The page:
When William Woods University went scouting for a few top women
students to pioneer a showcase academic program, a number of
would-be male applicants said they'd like a shot at it.
Sorry, guys. The university held fast to its 126-year tradition
as a women's school and let only females into its first group of
Century Scholars - students on a fast track to get their bachelor's
degrees in three jam-packed years.
But the men had planted the kernel of an idea that got a lot of
discussion this past year. A few weeks ago, without fanfare, the
university decided to open all its programs to men and women.
Coeducation comes to campus in the fall of 1997.
Meanwhile this fall, the Century Scholars have come, 10
handpicked young women clear-sighted and determined about their
educations and careers and urgent to get on with both.
Jamie Huffman of Rogers, Ark., aims to follow up a degree in
psychology with a law degree and to go to work for the FBI, doing
personality profiles of hard-core criminals such as serial killers.
"I've been interested in this since I was little," she says.
Getting her bachelor's in three years means "a year earlier that I
will actually start doing what I want to do."
For Emily Fletcher, a biology major from Marshall, Mo., an und
ergraduate year saved means getting out of medical school at age 25
instead of 26.
Others among the group are just as firm in their plans for
futures in business, teaching and journalism and as impatient to
get there without wasting time.
Time is money, of course, and the Century Scholars save that,
too, although most mention the financial advantage only as an
afterthought. Because the university lowers fees for summer school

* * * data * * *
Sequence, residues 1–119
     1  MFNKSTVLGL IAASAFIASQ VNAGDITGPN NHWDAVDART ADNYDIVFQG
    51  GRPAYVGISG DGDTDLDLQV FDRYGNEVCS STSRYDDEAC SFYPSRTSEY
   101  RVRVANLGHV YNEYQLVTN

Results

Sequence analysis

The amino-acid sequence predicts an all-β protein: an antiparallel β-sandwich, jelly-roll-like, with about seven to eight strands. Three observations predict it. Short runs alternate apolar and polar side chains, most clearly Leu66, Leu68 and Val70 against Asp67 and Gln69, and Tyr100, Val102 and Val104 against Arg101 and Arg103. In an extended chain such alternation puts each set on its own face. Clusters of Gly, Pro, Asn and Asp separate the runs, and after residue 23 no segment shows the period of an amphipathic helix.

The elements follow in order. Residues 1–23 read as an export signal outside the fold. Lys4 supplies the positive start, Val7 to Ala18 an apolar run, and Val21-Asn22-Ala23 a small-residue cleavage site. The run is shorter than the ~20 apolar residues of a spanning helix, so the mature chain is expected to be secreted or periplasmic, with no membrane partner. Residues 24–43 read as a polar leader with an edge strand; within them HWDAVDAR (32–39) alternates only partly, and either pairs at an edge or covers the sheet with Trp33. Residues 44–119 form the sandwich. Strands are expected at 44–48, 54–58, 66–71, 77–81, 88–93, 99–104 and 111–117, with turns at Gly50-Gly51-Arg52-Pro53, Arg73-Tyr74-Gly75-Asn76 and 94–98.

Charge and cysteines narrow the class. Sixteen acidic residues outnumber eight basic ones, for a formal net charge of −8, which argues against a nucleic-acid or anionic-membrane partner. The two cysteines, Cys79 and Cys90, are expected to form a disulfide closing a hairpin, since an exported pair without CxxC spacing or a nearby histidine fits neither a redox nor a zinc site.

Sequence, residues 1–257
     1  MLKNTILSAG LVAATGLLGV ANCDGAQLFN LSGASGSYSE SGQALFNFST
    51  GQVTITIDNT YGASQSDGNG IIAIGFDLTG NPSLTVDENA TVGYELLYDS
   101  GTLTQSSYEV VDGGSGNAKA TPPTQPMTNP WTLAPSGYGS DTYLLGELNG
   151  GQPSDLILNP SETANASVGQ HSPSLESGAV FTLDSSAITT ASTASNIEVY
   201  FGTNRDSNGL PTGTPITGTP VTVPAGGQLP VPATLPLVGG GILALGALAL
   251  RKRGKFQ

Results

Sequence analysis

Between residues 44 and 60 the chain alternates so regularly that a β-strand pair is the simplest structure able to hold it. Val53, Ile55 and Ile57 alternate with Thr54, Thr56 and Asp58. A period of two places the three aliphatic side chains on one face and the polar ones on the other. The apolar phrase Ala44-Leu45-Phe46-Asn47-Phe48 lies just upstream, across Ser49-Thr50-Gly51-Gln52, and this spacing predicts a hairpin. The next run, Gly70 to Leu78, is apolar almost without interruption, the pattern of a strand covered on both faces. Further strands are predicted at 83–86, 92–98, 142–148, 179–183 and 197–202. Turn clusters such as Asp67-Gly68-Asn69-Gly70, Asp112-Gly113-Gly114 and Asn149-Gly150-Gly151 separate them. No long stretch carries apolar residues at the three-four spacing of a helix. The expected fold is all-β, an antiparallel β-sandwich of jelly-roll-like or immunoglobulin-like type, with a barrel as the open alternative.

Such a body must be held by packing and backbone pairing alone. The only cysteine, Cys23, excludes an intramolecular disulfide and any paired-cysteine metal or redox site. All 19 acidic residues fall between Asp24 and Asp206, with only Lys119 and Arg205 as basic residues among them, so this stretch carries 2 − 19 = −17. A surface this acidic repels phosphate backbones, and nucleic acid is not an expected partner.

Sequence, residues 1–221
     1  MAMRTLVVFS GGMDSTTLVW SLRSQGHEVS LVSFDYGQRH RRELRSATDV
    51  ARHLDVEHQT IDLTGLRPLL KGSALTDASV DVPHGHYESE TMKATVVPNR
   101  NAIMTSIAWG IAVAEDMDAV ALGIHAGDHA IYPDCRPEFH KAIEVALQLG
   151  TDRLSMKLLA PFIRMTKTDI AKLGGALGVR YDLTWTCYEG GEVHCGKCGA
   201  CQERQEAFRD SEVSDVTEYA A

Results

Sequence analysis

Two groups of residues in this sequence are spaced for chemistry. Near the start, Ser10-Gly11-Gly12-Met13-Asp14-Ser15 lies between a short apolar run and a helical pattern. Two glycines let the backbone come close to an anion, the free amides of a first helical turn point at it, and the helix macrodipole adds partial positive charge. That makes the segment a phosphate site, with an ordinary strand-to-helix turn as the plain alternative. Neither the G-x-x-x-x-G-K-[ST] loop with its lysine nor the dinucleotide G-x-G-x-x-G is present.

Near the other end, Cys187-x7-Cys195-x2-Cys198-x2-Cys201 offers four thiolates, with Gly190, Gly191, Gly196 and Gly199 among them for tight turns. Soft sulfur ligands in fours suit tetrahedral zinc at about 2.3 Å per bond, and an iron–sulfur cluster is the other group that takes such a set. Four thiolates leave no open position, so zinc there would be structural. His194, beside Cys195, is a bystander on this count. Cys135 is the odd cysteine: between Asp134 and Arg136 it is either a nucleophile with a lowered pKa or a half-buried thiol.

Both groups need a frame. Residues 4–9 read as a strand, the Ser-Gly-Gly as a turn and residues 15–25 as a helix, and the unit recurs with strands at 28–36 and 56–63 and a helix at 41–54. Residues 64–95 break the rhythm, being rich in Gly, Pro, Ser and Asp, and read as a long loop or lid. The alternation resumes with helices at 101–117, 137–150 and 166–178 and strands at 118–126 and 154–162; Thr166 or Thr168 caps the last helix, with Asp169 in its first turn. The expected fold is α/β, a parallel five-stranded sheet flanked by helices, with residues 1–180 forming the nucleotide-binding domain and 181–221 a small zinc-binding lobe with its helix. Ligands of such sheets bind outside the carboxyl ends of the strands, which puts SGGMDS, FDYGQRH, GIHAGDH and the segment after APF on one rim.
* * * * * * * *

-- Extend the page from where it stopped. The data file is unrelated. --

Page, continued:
and has pledged this group academic scholarships averaging $8,626 a
year, these students will get their degrees for less than half list
The university figures they'll pay about $32,400 in tuition,
room and board at this year's prices. By the same measure, their
four-year, full-price classmates will ante up $67,400. And like all
students, Century Scholars showing financial need can shave their
costs still more.
But when it comes to effort, the Century Scholars' degrees
won't come cheap. The university has laid out a relentless
schedule, including two full summers, for the group. In addition to
all the credits for their various majors, each scholar must:
Meet regularly with a staff member to custom design a fitting
program of outside-of-class activities. As much as grades, each
student's extracurricular record will be part of her transcript.
Spend six weeks in the first summer living in and learning
about another culture. Options include study at Nagoya Women's
University in Nagoya, Japan, or Espiritu Santo University in
Guayaquil, Ecuador, or with the Loyal Shawnee people of eastern
Spend part of the second summer in independent study, possibly
a research project with a faculty member or an internship.
No problem, says Fletcher: "I've had summers off for the last
12 years." Nor are these students having second thoughts about
giving up one of those undergraduate years, often called the best
of a young person's life.
Huffman, for instance, says she'll make up for that by living
her three years here "to the fullest."
It Starts At The Top
Of course, nothing stops most college students from graduating
in three years if they wish. …